Amid Boston Overdose Crisis, a Pair of Harvard Students Are Bringing Narcan to the Red Line


At First Cambridge City Council Election Forum, Candidates Clash Over Building Emissions


Harvard’s Updated Sustainability Plan Garners Optimistic Responses from Student Climate Activists


‘Sunroof’ Singer Nicky Youre Lights Up Harvard Yard at Crimson Jam


‘The Architect of the Whole Plan’: Harvard Law Graduate Ken Chesebro’s Path to Jan. 6

Women's Tennis Season Recap

Playing at the No. 1 spot for the Harvard women’s tennis team, co-captain Hideko Tachibana 
posted a winning record, finishing the season 10-8. Overall, the squad finished 13-6 thanks to a late-season surge.
Playing at the No. 1 spot for the Harvard women’s tennis team, co-captain Hideko Tachibana posted a winning record, finishing the season 10-8. Overall, the squad finished 13-6 thanks to a late-season surge.
By Ty Aderhold, Crimson Staff Writer

Harvard women’s tennis has shown that the future is bright, finishing with a 13-6 record and concluding the season on a four-match win streak behind stellar play from four freshmen.

Freshman Amy He stepped into the No. 2 singles spot for the Crimson this year and played her way to a 16-9 overall record and a spot on the All-Ivy second team.

Fellow rookies Hai-Li Kong and Amanda Lin went undefeated in conference play at the No. 4 and No. 6 singles spots, respectively. Kong finished the year 21-5 overall while Lin finished at 26-3 on the season. Lin and Kong were also voted MVPs by the team for their play throughout the year.

“I think with Amanda, Amy, Hai-Li, it just speaks to their effort in practice because everything paid off in their matches,” Harvard coach Traci Green said. “It speaks to the strength of that class. They were learning on the spot, and they did a great job for us this year.”

Though rookies were an integral part of the winning season for Harvard, they were not the sole reason behind the Crimson’s success. One has to look no further than co-captains Kristin Norton and Hideko Tachibana to see this to be true.

Tachibana finished the year 16-10 playing No. 1 singles for Harvard and earned first-team All-Ivy honors. Norton, meanwhile, finished 13-8 on the year while playing the No. 3 singles spot for the Crimson. The senior co-captains also combined to go 9-5 as doubles partners and finished second at the Columbia Invitational in the doubles A flight. Despite their individual successes, this year’s senior class was the first class in the program to graduate without capturing an Ivy League title since 1983.

“We are really going to miss our senior captains a lot,” Green said. “They have given a lot to our team, and their energy and spirit will definitely be missed. They have worked very hard, and we will miss their vocal support in practice.”

Tachibana and Norton were not the only Harvard players to find success at the Columbia Invitational, which served as the first match of the year for the team on Sept. 14. Lin won the singles C flight and fellow rookie Crystal Yen won the singles D flight.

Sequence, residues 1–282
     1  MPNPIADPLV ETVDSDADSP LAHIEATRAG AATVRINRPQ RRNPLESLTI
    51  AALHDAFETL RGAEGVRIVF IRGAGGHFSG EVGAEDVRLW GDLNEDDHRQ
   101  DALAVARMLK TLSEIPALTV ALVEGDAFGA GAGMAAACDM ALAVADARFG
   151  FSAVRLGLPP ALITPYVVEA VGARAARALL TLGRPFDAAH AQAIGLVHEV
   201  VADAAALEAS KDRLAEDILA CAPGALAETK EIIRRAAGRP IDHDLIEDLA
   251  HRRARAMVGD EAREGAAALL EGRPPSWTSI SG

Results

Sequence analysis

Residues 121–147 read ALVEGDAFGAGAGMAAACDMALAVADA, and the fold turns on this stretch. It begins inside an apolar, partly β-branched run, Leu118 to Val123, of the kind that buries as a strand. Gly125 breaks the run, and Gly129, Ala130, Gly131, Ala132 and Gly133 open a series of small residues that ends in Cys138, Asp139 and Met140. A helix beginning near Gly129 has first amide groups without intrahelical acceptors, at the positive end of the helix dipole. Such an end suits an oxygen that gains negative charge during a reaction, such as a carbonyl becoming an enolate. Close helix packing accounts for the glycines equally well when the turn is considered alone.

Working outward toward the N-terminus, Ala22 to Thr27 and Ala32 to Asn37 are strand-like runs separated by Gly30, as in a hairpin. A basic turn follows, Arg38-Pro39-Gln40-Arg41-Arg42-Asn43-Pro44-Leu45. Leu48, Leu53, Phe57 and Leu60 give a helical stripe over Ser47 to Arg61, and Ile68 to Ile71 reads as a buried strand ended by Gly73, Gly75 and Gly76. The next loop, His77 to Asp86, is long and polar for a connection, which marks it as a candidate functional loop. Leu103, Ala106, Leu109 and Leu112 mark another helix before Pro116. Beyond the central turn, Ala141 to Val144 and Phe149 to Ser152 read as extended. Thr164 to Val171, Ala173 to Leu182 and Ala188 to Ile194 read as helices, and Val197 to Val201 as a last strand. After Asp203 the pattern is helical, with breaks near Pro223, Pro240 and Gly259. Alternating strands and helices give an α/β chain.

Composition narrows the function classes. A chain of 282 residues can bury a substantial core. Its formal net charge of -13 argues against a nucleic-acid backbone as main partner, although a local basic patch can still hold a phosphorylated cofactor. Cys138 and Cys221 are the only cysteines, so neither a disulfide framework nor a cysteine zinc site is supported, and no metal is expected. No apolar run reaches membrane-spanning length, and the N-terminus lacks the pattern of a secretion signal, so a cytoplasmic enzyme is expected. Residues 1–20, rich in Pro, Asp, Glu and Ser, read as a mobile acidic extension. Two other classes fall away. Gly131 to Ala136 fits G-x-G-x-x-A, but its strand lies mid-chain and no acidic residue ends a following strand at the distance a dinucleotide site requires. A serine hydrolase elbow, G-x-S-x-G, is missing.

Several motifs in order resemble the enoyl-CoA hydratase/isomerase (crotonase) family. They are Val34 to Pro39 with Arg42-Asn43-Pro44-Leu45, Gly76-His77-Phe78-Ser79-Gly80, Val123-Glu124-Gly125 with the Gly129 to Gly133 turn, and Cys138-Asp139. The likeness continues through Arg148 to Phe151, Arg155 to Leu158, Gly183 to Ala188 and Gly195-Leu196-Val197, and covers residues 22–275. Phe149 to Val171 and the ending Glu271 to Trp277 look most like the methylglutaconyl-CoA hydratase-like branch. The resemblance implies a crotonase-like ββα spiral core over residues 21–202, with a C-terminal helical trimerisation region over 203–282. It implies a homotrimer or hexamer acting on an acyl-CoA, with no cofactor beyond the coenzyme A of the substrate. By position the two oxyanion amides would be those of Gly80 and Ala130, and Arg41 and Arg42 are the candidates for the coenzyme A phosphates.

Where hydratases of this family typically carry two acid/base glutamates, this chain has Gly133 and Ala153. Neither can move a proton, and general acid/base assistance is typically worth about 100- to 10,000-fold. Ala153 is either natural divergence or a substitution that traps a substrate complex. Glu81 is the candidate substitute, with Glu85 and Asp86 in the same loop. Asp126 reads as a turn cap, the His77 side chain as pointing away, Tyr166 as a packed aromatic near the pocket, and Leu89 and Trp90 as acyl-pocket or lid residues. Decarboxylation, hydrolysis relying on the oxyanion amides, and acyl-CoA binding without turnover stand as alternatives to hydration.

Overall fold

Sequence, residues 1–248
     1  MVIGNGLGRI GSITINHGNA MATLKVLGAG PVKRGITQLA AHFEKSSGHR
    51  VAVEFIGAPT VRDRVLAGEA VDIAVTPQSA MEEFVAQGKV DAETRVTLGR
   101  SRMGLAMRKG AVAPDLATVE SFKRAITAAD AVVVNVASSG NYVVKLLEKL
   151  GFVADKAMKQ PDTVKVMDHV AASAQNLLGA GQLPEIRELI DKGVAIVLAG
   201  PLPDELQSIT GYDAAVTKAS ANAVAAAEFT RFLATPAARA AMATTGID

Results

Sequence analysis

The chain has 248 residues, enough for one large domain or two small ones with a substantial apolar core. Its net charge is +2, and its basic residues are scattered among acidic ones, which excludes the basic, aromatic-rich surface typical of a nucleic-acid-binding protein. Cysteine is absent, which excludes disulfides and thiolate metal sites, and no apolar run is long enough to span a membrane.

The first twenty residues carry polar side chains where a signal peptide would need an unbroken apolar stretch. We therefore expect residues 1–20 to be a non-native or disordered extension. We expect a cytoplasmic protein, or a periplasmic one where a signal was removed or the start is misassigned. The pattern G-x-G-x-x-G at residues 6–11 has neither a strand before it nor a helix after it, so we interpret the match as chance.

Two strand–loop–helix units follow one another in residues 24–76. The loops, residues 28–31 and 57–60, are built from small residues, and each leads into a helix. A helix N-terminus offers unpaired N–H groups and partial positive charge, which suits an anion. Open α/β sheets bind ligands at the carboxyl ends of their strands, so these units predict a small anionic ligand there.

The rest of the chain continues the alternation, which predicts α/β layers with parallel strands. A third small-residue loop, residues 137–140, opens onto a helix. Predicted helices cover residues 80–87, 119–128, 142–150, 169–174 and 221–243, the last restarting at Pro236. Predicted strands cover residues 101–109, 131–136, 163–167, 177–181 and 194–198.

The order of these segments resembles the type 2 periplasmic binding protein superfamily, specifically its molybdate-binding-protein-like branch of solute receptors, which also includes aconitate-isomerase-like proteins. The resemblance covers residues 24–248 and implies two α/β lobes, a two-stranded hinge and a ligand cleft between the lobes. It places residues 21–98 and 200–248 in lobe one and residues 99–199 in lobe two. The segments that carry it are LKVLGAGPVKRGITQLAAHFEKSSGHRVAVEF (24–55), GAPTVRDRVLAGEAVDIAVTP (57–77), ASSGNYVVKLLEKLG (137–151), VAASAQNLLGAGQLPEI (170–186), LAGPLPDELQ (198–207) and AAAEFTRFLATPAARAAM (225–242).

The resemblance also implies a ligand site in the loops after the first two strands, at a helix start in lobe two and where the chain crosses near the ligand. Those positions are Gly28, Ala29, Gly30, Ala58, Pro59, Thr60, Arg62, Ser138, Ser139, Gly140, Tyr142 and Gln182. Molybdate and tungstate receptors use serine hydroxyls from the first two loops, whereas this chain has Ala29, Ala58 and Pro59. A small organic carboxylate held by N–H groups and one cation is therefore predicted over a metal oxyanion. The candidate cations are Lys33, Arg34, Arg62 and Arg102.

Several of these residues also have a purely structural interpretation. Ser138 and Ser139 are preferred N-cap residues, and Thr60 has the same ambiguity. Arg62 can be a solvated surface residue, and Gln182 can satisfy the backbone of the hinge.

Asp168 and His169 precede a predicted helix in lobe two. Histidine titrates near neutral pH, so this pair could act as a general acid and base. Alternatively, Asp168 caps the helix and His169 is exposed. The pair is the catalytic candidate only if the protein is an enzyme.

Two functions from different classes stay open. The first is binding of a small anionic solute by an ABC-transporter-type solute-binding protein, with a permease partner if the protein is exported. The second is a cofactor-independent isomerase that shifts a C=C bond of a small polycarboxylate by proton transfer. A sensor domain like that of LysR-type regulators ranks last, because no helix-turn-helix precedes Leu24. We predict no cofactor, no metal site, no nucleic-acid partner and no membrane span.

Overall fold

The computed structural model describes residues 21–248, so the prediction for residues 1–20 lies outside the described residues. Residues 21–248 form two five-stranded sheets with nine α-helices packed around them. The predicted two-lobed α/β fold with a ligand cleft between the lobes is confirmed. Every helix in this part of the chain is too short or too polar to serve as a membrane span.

The biggest win for the Crimson this year came April 21 against then-No. 35 Yale. The Bulldogs came into the match undefeated in the Ivy League. Harvard won, 5-2, and was the only Ancient Eight team to defeat the eventual champions.

“One of our highlights this season was beating Yale, which was a huge accomplishment because it has been a couple of years since we beat them,” Tachibana said. “In terms of how much we fought and put everything on the line, we really just exceeded expectations across the board this year, so I am very proud of our team and the way we competed this year.”

Once again, it was a rookie that rose to the occasion for the Crimson, as He battled off two match points against opponent Madeline Hamilton before eventually winning, 4-6, 6-1, 7-6(7), to clinch the victory for Harvard.

The Crimson started the day off strongly by taking the doubles point, with Tachibana and Lin winning at No. 1 and Norton and sophomore Sylvia Li winning at No. 2. Harvard also earned wins at the No. 4, 5, and 6 singles spots from Kong, Li, and Lin, respectively, to knock off the Bulldogs.

He’s win to clinch the match is representative of what the four freshmen did for the team all season.

“[The freshmen] didn’t really have time to transition to college tennis because as soon as they joined the team, they had to become an integral part,” Tachibana said. “I think they were able to come in and play really well, and they held up the team through a lot of really tough times.”

Having played in such high-stakes matches this season should only help the talented freshman class moving forward.

“I’m very proud of how resilient we were as a team during the Ivy season in general,” Green said. “Each match, we got stronger and stronger and learned something new. It was very important because we were a very young squad, and it was great to see that development at the end of the season. It was fun to be a part of this team’s journey.”

—Staff writer Ty Aderhold can be reached at

Want to keep up with breaking news? Subscribe to our email newsletter.

Women's TennisYear in SportsSpring Season Recaps